Charges that an American scouted targets in Mumbai, India for Lakshar-e-Taibi’s (LeT) 2008 attack that killed 166 people has Time Magazine asking whether the regional terror group is expanding to join al Qaeda on the world stage:
LeT's desire to strike at the West was clear in the Mumbai attack, whose targets — two five-star hotels and a Jewish center — were places in which it would be sure to kill many Westerners. Six Americans were among the victims. "Mumbai showed that the LeT has adopted the targets of the global Islamic jihad: 'Crusaders and Zionists,' " says [former CIA terrorism expert and Brookings Institution analyst Bruce] Riedel. The…case, he says, shows that LeT is now trying to launch transnational operations.
Conversely, Indian English-language newspaper The Hindu reports that LeT leadership did not support suspect David Headley’s desire for the group to attack the Denmark offices of Jyllands-Posten, the newspaper that elicited outrage in the Muslim world when it published a cartoon representation of the prophet Mohammad in 2005:
Early on, Headley believed the “Mickey Mouse Project” had the Lashkar’s support. Late this summer though, the Lashkar lost interest in the Danish plot. Lashkar commander Sajid Mir, who played a key role in organising the Mumbai attacks, e-mailed Headley on July 3, asking to meet with him to discuss “some new investment plans”: code, the FBI says, for an attack in India.
Headley was arrested in October at Chicago-O’Hare International Airport when federal agents caught him carrying surveillance photographs of the Jyllands-Posten offices. Monday, the U.S. Justice Department charged him with surveilling sites for LeT in advance of the Mumbai attacks.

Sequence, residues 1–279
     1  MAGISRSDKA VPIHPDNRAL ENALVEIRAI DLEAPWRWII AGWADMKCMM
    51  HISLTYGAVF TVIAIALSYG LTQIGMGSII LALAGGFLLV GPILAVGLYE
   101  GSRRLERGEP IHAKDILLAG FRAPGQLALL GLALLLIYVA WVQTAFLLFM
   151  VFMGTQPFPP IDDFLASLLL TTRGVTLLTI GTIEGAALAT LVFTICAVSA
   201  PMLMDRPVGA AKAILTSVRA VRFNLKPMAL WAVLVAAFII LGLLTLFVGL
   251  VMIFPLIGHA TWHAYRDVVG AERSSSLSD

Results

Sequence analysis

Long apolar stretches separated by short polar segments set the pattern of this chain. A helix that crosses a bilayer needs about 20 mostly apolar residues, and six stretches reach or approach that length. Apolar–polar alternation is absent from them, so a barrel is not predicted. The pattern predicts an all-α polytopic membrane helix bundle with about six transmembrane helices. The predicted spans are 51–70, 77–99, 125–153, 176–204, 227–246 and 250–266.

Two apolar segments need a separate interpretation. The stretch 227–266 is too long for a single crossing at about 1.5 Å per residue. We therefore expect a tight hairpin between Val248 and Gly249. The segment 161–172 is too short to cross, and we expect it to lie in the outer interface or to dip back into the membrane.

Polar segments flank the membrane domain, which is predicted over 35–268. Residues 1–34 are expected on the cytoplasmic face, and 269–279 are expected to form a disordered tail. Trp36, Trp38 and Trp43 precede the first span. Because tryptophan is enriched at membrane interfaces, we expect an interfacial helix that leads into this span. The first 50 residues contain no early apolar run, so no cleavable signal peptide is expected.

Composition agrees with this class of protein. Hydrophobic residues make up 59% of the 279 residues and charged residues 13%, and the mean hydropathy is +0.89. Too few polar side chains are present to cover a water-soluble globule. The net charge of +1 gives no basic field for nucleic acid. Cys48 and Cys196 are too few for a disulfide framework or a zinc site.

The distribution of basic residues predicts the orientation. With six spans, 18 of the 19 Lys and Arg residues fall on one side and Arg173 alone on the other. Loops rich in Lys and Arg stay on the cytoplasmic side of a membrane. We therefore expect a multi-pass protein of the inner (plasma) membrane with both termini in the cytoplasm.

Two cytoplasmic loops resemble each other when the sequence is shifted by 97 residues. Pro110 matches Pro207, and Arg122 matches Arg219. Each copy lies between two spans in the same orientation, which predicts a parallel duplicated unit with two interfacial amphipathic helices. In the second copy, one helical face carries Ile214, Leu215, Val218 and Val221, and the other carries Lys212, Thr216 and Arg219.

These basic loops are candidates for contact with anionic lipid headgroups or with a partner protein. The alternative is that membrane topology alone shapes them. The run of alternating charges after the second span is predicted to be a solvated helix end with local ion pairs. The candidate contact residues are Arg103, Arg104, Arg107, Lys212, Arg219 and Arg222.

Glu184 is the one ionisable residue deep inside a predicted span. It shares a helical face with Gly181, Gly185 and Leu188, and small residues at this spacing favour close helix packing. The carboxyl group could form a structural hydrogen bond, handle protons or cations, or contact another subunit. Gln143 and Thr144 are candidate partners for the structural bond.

The Hindu also reported Tuesday that the Indian government plans to charge Headley in the Mumbai attacks, while The New York Times reported that the FBI has sent a team to India to investigate the case, and is also sending one to Pakistan.
Headley, 49, was born Daood Gilani in Washington, D.C. to a Pakistani father and an American mother. According to the Times, Headley changed his name to facilitate crossing the U.S. border. In 1988 he was convicted of trying to smuggle drugs into the U.S. from Pakistan, but cooperated with investigators and after serving a two-year sentence returned to Pakistan to collect criminal intelligence for the U.S. Drug Enforcement Administration.
Headley is cooperating with investigations into the current cases, according to the Justice Department.